It is quite interesting and baffling that such a prehistoric hunter was carrying a flint knife, a longbow and arrows in a wooden-framed quiver along with an axe, its copper head bound to the handle with leather thongs. Scientists believe that the mummified corpse was caused by a combination of wind, sun, snow and glacial movement. Scientists who examined his remains at the University of Innsbruck in Austria gave him the nickname Otzi, after the Otztaler Alps where he met his death. The body is now in a museum at Bolzono, Italy.

iceman-otzi
The Reconstructed Mummified Body of Iceman Otzi

The volatile climate that claimed, and preserved, the ice man has forced intense adaptation in the flora and fauna of the mountains. As altitude increases, deciduous trees give way to species of hardy conifers until eventually even these cannot thrive. Between this point and the fringe of the year-round snow line are the alpages, the lush high meadows which take their name from the Alps. Sheep and cows graze here during the short summer months, but the alpages and surrounding slopes then become the exclusive terrain of creatures better adapted to the harsh winter conditions. The grouse-like ptarmigan, for example, develops white plumage as soon as the first snow falls; its toes are feather-covered for warmth and to grip the ice, and it burrows deep into the insulating snow to sleep.

Weapons and tools discovered in the Alps indicate that people have been living here for some 50,000 years, but little is known of the early inhabitants, except that they were itinerant hunters. Even in the Middle Ages, the thin soil and savage climate meant that people lived here only on a seasonal basis, moving high into the mountains to take advantage of summer pasture, and coming down into the valley to winter. This way life continues in some remote areas, but in most places, with the influx over the past 100 years of tourists, walkers, climbers, and now skiers, it has undergone a major change.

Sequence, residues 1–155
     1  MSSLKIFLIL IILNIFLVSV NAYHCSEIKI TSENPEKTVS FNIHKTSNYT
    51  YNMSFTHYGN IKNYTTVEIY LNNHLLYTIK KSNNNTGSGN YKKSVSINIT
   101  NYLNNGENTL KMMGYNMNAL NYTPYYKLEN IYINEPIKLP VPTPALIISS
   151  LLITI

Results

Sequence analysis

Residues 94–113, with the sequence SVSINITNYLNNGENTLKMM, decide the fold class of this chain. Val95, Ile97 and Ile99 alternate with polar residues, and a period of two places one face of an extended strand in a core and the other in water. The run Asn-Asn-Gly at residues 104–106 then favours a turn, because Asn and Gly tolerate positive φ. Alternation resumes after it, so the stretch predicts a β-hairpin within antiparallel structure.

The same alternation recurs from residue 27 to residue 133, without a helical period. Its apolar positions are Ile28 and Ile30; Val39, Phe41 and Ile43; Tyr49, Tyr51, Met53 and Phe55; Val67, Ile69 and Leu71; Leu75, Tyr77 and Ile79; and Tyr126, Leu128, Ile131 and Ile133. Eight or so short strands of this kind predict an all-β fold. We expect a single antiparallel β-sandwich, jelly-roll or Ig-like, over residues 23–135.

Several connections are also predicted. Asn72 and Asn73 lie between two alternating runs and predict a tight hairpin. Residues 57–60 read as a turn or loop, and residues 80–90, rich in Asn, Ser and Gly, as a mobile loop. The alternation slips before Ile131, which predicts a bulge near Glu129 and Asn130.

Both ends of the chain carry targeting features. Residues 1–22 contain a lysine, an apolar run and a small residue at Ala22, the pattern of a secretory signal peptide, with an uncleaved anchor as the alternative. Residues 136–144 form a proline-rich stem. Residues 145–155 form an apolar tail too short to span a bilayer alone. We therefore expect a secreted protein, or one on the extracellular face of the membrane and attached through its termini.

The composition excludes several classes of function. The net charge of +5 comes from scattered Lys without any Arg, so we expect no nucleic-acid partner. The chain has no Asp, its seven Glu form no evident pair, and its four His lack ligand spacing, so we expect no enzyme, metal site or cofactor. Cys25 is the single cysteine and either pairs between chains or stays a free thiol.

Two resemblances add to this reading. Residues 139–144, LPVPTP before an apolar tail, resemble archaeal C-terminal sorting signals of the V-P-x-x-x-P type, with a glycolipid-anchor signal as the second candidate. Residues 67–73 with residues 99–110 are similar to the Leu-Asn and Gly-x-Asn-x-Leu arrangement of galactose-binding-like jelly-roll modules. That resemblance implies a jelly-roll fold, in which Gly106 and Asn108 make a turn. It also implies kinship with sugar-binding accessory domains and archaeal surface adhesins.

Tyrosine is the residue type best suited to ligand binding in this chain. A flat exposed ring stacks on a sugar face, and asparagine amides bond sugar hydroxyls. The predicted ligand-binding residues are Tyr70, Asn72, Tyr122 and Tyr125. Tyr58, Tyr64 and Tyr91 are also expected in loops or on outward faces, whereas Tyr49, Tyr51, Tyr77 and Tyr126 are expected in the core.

The first visitor to publish his impressions of Mont Blanc in 1744, was Peter Martel, son of a French refugee in Geneva. His description of the mountain established a fashion for visiting the ‘glaciers’ and kindled in some adventurers to climb the mountain. But it was not until August 1786 that the local doctor Michel-Gabriel Pacard and Jacques Balmat, a guide displaying great fortitude in the face of terrible hardship, became the first to struggle across the ice fields and reach the summit.

The intrinsic inhospitality of Mont Blanc meant that even as late as the 1940s it took 18 hours to travel the one treacherous route around it. In 1959, construction began on a road tunnel under the mountain to join France and Italy. The 7 mile (11.6km) long, 30ft (8.6m) wide link, of immense economic and social importance, opened six years later, and one barrier formed by the formidable mountain was overcome.